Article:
By the 1980s Lee was physically quite frail, but this didn’t stop her determined campaign against the building of the Sizewell nuclear power station on her beloved heathland. Although the campaign failed to stop it being built, the subsequent publication of her meticulously researched book led to Suffolk County Council refusing planning permission for a third reactor at Sizewell.
I now have my parents’ copy of In Search of Heathland, and looking at it now, I wish I had paid more attention at the time and discussed it with Lee. It is a beautiful book which incorporates exquisite pull-out illustrations, one of which, British Reptiles, is from an unfinished work on British flora and fauna that Chad was working on when he died:
Lee had such a good relationship with her publisher, Dennis Dobson, that she was invited to holiday with the Dobsons at their home, which was then the ancient Brancepeth Castle in Durham – and she took my parents along for the trip! They had a wonderful time, as they did on many other memorable holidays with Lee, to whom they were both very close. They travelled to Hungary together to visit my parents’ friends, and in the late 1980s they drove up to Scotland on an epic journey to Mum’s relatives on the Isle of Lewis. I have some lovely photos of the 3 of them on that holiday:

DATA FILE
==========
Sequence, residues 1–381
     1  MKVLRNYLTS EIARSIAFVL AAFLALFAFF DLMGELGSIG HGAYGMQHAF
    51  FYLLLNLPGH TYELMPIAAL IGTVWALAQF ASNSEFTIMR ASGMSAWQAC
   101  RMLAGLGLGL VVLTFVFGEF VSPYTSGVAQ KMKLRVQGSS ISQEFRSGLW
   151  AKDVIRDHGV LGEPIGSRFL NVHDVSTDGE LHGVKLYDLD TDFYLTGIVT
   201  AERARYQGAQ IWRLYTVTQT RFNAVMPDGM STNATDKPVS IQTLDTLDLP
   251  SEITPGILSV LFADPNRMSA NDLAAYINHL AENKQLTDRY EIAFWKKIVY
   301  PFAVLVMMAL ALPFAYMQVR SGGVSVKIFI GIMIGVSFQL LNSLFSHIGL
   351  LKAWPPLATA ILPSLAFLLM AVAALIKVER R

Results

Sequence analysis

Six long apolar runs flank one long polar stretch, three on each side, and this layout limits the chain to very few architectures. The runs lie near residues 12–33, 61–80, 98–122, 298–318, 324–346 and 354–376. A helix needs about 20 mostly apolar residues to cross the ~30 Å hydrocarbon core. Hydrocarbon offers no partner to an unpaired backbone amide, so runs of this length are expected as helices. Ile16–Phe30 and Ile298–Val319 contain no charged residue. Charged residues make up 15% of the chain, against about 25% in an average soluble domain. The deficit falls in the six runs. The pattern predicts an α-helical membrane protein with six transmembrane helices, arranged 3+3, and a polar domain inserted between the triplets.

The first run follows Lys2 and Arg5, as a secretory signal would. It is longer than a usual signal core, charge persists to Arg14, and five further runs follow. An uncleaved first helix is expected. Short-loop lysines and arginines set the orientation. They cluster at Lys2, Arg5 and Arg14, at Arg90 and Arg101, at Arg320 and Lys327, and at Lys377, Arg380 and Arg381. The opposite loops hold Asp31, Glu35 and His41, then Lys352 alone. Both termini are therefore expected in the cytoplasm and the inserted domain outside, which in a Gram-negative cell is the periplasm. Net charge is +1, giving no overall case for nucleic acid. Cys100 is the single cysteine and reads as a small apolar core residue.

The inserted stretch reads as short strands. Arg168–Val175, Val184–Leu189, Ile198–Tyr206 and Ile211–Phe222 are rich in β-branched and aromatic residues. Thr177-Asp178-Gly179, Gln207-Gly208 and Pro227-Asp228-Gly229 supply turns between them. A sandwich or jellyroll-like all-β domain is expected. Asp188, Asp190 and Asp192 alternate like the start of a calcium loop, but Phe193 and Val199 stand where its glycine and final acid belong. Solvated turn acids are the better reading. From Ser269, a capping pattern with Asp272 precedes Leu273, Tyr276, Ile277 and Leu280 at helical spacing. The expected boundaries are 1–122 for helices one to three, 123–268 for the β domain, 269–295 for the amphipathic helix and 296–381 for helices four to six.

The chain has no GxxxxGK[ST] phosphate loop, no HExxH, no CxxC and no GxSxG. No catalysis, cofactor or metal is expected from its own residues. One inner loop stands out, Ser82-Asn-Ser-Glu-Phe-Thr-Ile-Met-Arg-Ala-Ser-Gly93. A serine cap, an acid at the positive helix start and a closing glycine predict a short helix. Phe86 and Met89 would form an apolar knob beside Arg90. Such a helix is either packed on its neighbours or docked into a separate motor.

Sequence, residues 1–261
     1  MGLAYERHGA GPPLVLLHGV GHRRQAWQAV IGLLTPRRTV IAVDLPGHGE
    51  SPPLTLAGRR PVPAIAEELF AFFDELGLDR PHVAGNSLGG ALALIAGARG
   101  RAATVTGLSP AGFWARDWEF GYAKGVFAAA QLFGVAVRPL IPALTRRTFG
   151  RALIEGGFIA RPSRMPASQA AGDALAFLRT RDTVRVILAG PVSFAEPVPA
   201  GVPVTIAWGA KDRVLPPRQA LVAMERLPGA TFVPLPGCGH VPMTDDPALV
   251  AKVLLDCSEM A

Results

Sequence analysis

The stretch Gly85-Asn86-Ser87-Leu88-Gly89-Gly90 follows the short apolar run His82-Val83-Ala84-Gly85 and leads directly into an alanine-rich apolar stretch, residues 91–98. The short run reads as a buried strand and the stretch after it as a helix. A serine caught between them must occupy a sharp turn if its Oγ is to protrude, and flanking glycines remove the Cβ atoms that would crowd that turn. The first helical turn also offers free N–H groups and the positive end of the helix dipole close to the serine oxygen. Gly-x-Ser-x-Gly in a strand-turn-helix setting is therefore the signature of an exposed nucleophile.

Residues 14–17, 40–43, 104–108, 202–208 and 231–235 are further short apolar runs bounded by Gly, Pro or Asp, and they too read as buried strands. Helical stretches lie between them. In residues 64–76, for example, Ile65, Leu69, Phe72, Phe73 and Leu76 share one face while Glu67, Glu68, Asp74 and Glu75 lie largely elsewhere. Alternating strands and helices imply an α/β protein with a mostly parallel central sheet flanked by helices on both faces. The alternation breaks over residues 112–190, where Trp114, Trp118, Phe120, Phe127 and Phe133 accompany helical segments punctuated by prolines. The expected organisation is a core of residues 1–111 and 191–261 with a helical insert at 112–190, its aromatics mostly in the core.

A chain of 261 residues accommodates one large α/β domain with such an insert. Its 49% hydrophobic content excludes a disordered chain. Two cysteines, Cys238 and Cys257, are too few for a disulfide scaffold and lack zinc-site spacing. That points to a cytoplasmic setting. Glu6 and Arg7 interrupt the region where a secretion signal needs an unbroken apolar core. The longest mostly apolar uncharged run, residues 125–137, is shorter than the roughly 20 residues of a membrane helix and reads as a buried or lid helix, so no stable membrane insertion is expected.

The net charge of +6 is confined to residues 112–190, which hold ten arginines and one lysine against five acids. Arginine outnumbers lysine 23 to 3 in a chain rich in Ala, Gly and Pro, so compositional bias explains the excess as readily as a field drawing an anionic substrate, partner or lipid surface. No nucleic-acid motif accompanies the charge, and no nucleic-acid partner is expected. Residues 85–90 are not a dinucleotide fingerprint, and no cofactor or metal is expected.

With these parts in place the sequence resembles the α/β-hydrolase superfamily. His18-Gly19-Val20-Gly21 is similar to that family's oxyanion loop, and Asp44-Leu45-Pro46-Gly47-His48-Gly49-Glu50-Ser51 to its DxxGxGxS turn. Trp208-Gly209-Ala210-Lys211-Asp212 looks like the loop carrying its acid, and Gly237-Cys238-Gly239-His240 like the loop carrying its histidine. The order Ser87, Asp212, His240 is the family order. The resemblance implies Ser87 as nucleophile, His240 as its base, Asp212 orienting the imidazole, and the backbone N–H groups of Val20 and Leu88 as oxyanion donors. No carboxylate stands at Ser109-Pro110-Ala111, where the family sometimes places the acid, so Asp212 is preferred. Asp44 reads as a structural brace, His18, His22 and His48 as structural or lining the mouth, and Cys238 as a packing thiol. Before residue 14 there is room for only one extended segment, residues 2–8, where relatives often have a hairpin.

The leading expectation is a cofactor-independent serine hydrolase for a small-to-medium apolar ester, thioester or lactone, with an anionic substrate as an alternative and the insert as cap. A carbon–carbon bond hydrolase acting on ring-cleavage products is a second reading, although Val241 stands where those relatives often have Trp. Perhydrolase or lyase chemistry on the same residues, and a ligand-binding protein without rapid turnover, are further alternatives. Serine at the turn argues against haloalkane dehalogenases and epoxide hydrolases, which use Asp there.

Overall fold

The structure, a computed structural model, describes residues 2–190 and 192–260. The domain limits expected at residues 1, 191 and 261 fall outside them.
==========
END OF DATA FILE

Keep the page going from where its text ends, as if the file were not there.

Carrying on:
Last Christmas when I visited the Northampton branch of the Usmeum (Brother 2’s house) I noticed something on the mantelpiece that I recognised from our home:
The tankard commemorates an important workers’ struggle, but inside I found a note that marks something more personal:
For me, this 38 year old slip of paper expresses perfectly the connection that Lee shared with my parents, a friendship rooted deep in the solidarity of their beliefs.
Lee became increasingly frail in her 80s, but no less active. In the end, she outlived both my parents, having treated her heart condition with a deep relaxation therapy that enabled her to stay on in her beloved home until her death in 2003 at the age of 93. My eldest niece was born around this time and we all travelled to Suffolk for a special memorial ceremony at the studio, where Peter, a successful artist himself, now lives with his wife Bridget.
I treasure many special memories of Lee’s long friendship with my family; these items represent just a few. I feel very privileged to have had such an uncommonly interesting and inspirational person in my life.